My lovely, wonderful man outdid himself again for our three year anniversary. I told him that at this rate we’d better be riding dolphins off into the sunset next year, whilst being serenaded by mermaids.

The only downfall so far with our job, is that we are two out of only three divers running the shop. So it is a little bit tricky for both of us to take time off at once. Fletch magically arranged the time off for us though, and the day before our anniversary, one of our boat captains drove us north about 45 minutes to another island in the Mamanuca group called Tokoriki.

This is the Mamanuca group of islands in Fiji. (Image found on Google). We now live on Mana Island. For our anniversary we went north to Tokoriki. 

The beauty of living on a little patch of sand is that you don’t need shoes. I have a pair of shoes, hidden away in our room somewhere. I have to dig them out every now and then when we go back to the mainland, but aside from that I run around barefoot, with sand between my toes pretty much 24/7. Yes, I actually have a job that I get paid to do and never have to put on shoes for. That is my definition of happiness. As we were just jumping over from one patch of sand to another, Neither of us bothered wearing or, for that matter, bringing shoes. For our first anniversary we had dinner barefoot by the sea. For our third we took a whole trip barefoot because, why not? Our life is rough.

We pulled up to a pretty, white sand beach where a man in his work sulu (the Fijian sarong) greeted us with wooden necklaces and welcome drinks. He led us past the dive shop, where we met the dive instructor, past two pools, one saltwater, and one a chlorine infinity pool, that from our viewpoint ran seamlessly from pool into ocean. Beach chairs with turquoise cushions that doubled as pool floats were scattered comfortably around. He led us into a big, open reception area where the band greeted us with the customary Bula song as we completed our checkin.

We were lead through perfectly manicured lawns and beautiful gardens in full bloom, past the orchid greenhouse, around pools of lily-pads, to the far end of the resort where our villa was located. A heavy wooden door swung open, welcoming us into a well lit and open living area, with large balcony doors looking out over our own private pool area with steps leading down to the beach. Adjoining the living space, was a luxurious bedroom. The entrance was guarded by a black, wooden figure of a man hanging on the wall, which made me think my wetsuit was hanging there every time I walked past. (Shows you where my mind is at). The bathroom was complete with both an indoor, and an outdoor shower, beautifully surrounded by curving rock walls. We were in our own little piece of paradise. That’s a terrible analogy, we are always in our own little piece of paradise. We were in our own little slice of 5 star luxury treatment for a few days. 

Frogs on lily-pads.

The living area. 

The canopy bed. 

The wetsuit man.

The outdoor shower. 


To top off the princess pampering, we headed to the opposite end of the resort where the spa was located. Not just for a massage though, but for… (are you ready for this?) An unlimited massage package. Yes, that is a thing. And Fletch telling me that we were in for a weekend of unlimited massages was better than telling a kid that they had unlimited access to the toy and candy stores. Unlimited massages. I don’t want to be obnoxious and keep repeating myself but the words are just so delightful. Unlimited massages.

We joked on our stroll to the spa that now that we had this package, they were probably going to be completely booked full. Luckily they weren’t. We stole the last two spots for that day, and spent the next half an hour indulging in foot rubs. The spa was a lovely little area on a hillside, surrounded by jungle that made us feel like we were escaping from the heat of the sun into the cool of the middle of the rainforest. The massage ladies led us up a curving set of stone steps, and into an open room, with a rock wall with water cascading downwards. The sounds of trickling water lulled us into a sleepy afternoon daze while two Fijian ladies rubbed our feet.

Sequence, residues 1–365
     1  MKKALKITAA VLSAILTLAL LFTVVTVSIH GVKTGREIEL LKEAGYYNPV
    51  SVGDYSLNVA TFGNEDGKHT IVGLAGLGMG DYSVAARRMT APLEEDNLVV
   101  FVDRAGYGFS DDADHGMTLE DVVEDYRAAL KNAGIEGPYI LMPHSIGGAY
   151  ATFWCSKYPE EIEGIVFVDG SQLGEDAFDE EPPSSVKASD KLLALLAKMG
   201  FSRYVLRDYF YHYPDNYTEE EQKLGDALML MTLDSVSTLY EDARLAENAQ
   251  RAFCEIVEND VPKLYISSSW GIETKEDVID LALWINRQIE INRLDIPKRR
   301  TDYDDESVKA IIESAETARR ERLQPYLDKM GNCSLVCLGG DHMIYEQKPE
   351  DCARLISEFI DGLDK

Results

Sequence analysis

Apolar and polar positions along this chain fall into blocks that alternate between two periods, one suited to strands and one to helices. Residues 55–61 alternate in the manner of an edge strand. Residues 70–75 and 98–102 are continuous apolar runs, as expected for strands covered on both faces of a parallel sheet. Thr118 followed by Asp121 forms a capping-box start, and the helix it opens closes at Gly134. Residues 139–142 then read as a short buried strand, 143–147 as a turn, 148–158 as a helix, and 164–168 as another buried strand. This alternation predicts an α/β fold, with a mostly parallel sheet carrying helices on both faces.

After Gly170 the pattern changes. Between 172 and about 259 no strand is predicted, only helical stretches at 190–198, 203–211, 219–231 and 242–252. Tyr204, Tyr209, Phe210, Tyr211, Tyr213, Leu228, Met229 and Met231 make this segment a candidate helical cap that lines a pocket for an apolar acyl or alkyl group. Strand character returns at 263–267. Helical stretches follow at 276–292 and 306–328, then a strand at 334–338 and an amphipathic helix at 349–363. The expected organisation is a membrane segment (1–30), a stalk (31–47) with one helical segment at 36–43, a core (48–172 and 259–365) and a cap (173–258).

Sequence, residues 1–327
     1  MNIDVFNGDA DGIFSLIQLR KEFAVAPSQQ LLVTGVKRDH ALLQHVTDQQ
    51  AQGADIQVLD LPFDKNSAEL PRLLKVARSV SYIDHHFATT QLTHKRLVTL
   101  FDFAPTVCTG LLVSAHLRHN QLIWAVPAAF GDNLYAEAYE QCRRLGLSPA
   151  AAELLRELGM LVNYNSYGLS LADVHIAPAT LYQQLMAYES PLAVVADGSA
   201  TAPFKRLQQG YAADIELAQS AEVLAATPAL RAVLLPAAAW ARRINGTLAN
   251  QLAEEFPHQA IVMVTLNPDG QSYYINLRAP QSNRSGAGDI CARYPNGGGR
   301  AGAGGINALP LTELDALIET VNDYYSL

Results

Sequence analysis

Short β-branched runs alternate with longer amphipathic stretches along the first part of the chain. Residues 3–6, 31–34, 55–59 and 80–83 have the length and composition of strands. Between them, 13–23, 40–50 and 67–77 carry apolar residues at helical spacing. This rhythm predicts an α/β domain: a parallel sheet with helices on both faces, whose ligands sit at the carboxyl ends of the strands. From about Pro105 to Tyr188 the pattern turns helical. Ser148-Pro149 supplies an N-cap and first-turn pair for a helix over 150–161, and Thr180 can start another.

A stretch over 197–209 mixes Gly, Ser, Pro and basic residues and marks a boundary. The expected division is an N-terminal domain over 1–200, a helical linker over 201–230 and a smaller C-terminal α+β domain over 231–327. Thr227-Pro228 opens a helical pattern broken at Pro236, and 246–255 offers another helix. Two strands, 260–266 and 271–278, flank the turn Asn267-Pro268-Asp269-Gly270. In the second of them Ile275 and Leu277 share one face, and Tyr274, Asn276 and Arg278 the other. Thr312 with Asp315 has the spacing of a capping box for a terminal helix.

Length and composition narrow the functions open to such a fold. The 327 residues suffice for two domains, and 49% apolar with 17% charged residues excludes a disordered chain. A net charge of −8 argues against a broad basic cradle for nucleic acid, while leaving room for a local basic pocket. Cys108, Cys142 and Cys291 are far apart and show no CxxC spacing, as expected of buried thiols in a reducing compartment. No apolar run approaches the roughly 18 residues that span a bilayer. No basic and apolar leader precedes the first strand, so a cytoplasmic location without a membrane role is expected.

Our own private plunge pool.

Day beds and lounge chairs galore.

We spent a few hours relaxing next to our private pool, sunbathing, and taking full advantage of more privacy to even out the tan lines than we had had since living in Palau. Before dinner we returned for another round of massage bliss. This time, with an entire hour to enjoy, the options were greater. I chose a bamboo massage, a novelty I have never seen anywhere else. It turns out that if you are a small girl without much surface area, there are not very many places to roll a tube of bamboo over. But that’s the beauty of unlimited massages, (ok I promise I’ll stop saying that. Soon...), you can try the things you might not have tried otherwise.

After massages, we relaxed by the resort pool and watched the sun set, while sipping berry mules and watching all the Chinese couples take their various photos complete with wardrobe changes. Dinner was a delectable meal. We sat tucked away at a little table for two behind all the other dozens of tables for two. The entire atmosphere of Tokoriki was very romantic, although it was slightly humorous to break out of our little romantic bubble and realize that the resort was a perfect churn-mill for dozens of other cookie cutter romantic experiences. 


The actual day of our anniversary arrived and we made our way to the dining area for a lovely buffet spread of fruits and breads and cheeses. I was ecstatically happy to be able to order a cappuccino. It’s the little things you start to miss. After breakfast we made our way down to the dive shop where our transport was waiting to take us on a snorkel and picnic trip. That was all I knew about what Fletch had planned, that it involved snorkeling and a picnic. We joked that we would probably be going to Sandbank. Sandbank is a little blob of sand next to Mana Island. It has an atoll surrounding the whole thing, so we go there as a dive site. Sometimes guests arrange to camp out there for the night, or just go for a picnic in the afternoon. It is a perfect place to go if you just want some sand to yourself.

The boat brought us not to Sandbank, but to a proper island called Monu. To give a little perspective, the next island over, Monuriki, is where the movie Castaway was filmed. So our boat captain brought us to this island, and proceeded to unload picnic blankets and pillows and a large cooler full of food. He also handed us a small first aid kit with a cell phone inside, and then jumped back onto the boat and sped away. We had our own private beach for the afternoon. I was delighted. Fletch and I wasted no time in pulling out our long fins and going for a snorkel.